EFFECTIVENESS OF RELATIVE WATER CONTENT AS A SIMPLE FARMER’S TOOL TO DETERMINE PLANT WATER DEFICIT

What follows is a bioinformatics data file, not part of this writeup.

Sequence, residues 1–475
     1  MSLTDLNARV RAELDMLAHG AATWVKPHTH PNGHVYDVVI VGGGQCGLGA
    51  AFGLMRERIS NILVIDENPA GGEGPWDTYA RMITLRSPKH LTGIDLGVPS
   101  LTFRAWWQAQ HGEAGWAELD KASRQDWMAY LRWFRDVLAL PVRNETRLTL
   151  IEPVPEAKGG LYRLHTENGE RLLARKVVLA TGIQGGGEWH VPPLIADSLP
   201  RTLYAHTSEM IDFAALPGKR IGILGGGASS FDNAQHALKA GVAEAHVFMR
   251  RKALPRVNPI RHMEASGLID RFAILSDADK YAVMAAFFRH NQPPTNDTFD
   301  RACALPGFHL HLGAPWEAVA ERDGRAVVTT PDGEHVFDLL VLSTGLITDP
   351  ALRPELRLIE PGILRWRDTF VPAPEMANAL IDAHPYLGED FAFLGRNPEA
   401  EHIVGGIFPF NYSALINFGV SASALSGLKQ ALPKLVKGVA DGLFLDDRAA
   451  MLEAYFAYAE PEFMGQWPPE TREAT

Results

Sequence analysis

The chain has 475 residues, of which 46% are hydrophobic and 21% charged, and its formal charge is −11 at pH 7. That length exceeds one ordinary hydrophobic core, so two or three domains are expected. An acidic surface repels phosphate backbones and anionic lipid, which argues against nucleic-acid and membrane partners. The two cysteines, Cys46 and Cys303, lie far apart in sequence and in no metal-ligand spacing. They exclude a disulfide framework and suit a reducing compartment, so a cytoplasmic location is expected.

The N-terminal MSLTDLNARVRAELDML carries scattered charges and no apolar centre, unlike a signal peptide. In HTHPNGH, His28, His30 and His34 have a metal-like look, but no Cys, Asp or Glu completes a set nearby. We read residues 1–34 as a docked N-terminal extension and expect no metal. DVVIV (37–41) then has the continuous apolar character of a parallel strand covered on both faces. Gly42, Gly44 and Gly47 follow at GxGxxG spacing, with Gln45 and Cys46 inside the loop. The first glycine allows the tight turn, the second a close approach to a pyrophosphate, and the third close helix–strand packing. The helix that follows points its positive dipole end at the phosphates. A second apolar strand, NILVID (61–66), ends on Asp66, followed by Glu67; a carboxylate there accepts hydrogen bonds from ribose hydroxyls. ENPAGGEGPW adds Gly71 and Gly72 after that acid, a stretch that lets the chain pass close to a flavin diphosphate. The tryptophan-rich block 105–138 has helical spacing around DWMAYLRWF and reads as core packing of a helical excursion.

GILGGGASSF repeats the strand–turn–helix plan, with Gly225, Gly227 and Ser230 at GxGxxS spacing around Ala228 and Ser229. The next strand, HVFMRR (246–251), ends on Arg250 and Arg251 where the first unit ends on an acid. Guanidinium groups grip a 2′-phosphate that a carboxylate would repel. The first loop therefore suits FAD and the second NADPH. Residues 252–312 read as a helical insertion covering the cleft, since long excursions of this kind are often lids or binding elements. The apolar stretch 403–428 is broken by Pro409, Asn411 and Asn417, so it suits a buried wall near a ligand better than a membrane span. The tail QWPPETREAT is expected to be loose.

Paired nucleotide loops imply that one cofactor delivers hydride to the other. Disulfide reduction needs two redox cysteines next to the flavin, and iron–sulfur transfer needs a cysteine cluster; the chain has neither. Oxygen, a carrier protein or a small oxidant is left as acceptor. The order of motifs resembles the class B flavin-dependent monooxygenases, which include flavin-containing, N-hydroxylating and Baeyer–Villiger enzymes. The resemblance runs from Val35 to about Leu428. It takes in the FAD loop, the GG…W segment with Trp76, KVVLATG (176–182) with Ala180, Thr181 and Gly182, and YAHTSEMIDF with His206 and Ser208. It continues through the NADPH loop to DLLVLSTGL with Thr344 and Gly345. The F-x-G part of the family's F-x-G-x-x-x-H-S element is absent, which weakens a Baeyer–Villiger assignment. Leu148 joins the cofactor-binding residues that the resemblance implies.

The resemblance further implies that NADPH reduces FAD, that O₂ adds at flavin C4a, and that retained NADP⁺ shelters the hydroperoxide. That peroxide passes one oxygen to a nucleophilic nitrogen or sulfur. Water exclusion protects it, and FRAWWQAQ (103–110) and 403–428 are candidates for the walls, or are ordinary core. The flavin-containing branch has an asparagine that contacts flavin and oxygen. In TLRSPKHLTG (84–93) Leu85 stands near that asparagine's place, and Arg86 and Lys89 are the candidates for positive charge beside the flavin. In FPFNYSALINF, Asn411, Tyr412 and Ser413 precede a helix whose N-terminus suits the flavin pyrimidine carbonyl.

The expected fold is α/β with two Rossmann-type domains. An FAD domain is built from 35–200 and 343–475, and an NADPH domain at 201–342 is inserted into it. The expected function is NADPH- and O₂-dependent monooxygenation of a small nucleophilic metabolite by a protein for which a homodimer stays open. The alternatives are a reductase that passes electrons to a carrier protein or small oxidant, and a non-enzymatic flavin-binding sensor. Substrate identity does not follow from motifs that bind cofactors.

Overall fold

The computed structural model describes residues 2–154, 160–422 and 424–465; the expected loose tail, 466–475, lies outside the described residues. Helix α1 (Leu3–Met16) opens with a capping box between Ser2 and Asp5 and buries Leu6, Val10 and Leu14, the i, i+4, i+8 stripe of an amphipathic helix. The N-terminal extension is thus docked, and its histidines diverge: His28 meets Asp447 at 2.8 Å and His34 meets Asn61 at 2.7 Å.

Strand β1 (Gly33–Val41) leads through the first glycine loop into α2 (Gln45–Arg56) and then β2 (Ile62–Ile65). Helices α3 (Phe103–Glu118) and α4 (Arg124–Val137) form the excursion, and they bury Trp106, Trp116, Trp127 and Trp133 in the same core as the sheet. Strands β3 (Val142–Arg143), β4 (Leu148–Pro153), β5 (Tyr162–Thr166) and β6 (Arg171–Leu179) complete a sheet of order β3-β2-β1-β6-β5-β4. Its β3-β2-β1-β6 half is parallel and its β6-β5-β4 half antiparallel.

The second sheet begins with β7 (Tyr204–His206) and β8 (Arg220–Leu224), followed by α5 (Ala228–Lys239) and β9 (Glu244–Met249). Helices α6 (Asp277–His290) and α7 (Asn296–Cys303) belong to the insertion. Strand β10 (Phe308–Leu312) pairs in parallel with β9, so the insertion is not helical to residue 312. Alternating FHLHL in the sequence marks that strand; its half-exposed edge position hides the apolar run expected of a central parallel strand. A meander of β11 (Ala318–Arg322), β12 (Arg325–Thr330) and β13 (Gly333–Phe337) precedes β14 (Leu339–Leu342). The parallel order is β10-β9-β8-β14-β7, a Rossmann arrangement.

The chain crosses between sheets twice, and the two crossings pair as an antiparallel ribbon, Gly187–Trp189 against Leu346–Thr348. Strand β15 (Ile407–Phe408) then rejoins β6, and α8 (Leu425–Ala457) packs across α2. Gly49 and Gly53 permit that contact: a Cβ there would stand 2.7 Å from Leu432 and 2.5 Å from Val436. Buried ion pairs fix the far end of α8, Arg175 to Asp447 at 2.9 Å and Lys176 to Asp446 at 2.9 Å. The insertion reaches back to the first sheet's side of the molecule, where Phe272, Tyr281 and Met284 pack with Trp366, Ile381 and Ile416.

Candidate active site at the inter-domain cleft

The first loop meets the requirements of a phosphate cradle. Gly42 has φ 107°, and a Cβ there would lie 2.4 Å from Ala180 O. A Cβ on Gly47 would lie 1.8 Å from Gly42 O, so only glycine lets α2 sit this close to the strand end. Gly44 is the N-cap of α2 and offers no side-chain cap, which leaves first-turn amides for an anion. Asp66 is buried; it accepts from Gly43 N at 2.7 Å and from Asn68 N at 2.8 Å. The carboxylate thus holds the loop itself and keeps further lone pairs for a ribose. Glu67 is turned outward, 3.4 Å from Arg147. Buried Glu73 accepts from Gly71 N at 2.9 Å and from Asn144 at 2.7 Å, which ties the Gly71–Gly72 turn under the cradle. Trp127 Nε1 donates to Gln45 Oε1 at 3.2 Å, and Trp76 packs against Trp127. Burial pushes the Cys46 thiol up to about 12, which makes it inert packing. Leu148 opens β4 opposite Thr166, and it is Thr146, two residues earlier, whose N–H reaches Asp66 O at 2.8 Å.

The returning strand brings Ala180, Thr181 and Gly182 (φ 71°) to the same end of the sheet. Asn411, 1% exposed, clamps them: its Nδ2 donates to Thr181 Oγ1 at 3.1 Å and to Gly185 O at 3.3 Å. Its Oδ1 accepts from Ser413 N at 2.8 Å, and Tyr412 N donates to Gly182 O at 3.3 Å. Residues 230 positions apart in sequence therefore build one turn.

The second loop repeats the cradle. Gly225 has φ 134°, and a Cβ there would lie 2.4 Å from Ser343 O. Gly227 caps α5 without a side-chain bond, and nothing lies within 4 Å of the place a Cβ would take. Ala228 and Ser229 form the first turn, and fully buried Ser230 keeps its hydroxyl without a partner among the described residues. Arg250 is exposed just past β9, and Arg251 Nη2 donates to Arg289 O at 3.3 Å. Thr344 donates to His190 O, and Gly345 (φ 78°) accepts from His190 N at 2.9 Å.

Cabbage (Brassica oleracea var. capitata L.) is a botanically and commercially important vegetable cultivated all year round in the tropics. Although cabbages are easily grown under a wide variety of conditions and are adaptable to most climatic conditions, successful cultivation of this crop is hampered by incidences of water stress. To produce quality acceptable heads that are marketable, supply of right amount of water is paramount. To monitor whether the plants are getting enough amount of water there is need to use a reliable, simple, and indicative method. Relative water content has been proposed as a simple tool that could be employed with ease and precision by a farmer. To test the effectiveness of Relative Water Content (RWC) as a simple farmer’s friendly parameter, cabbage variety Pruktor and Michel F1 (potted) were subjected to four treatments in two seasons. The treatments were: 0%, 25%, 50% and 100% of soil field capacity arranged in a complete randomised design. Samples to determine RWC were collected in three day intervals. Water stress did not affect head formation but decreased growth, leaf area, head size, and total yield. In both experiments, yellowing and selective shedding of leaves was observed mostly in 0% and 25% treatment. Relative water content declined significantly with day after treatment and decreasing water supply. Among the control, plants with lower RWC had smaller head compared with those of relatively higher RWC. This indicates RWC as a simple parameter that could be used to monitor water status of the plant during growth to enhance production of good quality marketable head and maintain crop yield.
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